MMJ patients also have employment protections not afforded to recreational users and don't have to deal with a potency cap on adult-use edibles that limits a package to 100 mg with 10 mg servings, and will still be able to possess up to 2 1/2 ounces of marijuana as compared to one ounce with adult-use.
"Given these differences between medical and adult-use, I just don't see a massive migration of patients over to the adult-use market," he concluded. "Therefore, I feel that the medical program will continue to flourish within the overall legalized market in Arizona."
How do we get seeds for our Victory Gardens? A Weedly reader recently emailed to ask how she might be able to acquire seeds to start her own "victory garden."
Since many aspects of the legal structure pertaining to recreational pot are still being laid out by AZDHS, the legality of acquiring seeds and starters for home growing are murky and not specifically addressed as of this writing.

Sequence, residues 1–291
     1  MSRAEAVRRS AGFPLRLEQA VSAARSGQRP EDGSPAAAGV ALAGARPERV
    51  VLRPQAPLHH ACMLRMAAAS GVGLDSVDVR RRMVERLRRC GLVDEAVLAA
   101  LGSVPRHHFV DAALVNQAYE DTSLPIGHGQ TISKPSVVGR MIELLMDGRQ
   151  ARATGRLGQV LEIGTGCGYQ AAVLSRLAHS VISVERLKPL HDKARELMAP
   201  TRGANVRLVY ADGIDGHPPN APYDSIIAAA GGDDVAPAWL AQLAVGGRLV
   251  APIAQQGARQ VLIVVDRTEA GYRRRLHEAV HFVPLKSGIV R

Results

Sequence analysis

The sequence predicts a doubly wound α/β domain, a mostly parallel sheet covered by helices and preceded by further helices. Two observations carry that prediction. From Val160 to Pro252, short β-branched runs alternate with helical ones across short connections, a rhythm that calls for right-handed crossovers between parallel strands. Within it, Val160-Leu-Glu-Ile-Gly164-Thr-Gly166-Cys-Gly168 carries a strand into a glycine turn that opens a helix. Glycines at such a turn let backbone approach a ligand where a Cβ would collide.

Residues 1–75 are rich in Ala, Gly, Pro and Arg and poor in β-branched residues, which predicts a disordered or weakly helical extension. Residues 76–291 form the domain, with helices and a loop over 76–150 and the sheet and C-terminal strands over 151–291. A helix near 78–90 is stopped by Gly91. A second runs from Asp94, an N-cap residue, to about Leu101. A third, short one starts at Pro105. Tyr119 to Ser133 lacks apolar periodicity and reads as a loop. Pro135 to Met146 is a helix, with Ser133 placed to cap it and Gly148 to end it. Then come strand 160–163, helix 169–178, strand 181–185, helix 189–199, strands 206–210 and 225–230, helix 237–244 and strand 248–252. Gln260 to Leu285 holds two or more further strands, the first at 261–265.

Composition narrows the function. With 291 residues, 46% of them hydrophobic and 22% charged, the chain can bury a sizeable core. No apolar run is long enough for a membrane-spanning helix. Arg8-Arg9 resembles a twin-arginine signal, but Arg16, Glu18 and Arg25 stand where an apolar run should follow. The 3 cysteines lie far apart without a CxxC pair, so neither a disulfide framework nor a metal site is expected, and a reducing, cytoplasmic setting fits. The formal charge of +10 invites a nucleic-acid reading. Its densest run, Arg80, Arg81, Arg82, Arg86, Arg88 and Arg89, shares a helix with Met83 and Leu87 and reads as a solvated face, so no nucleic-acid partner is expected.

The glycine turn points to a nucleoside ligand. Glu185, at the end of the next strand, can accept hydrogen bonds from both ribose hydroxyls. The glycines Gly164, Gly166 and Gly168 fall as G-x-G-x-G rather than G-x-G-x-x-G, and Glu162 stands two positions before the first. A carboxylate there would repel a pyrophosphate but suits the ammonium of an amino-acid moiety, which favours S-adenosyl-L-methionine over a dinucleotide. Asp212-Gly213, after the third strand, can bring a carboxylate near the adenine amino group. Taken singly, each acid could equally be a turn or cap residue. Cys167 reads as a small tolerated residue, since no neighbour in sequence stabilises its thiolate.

Roopali H. Desai, a partner at Coppersmith Brockelman, a Phoenix-based law firm that was primary author of the initiative, says the language of Prop 207 would not allow the transfer of plants, unless they are gifts from the grower.
"The adult use statutes and related proposed rules issued by the AZDHS are silent with respect to the sale or transfer of seeds," she said. "However, Proposition 207 (at A.R.S. Section 36-2852) specifically addresses the transfer of marijuana plants. Under that statutory provision, transferring up to six marijuana plants is legal to a person who is at least 21 years of age, but the transfer must be without remuneration."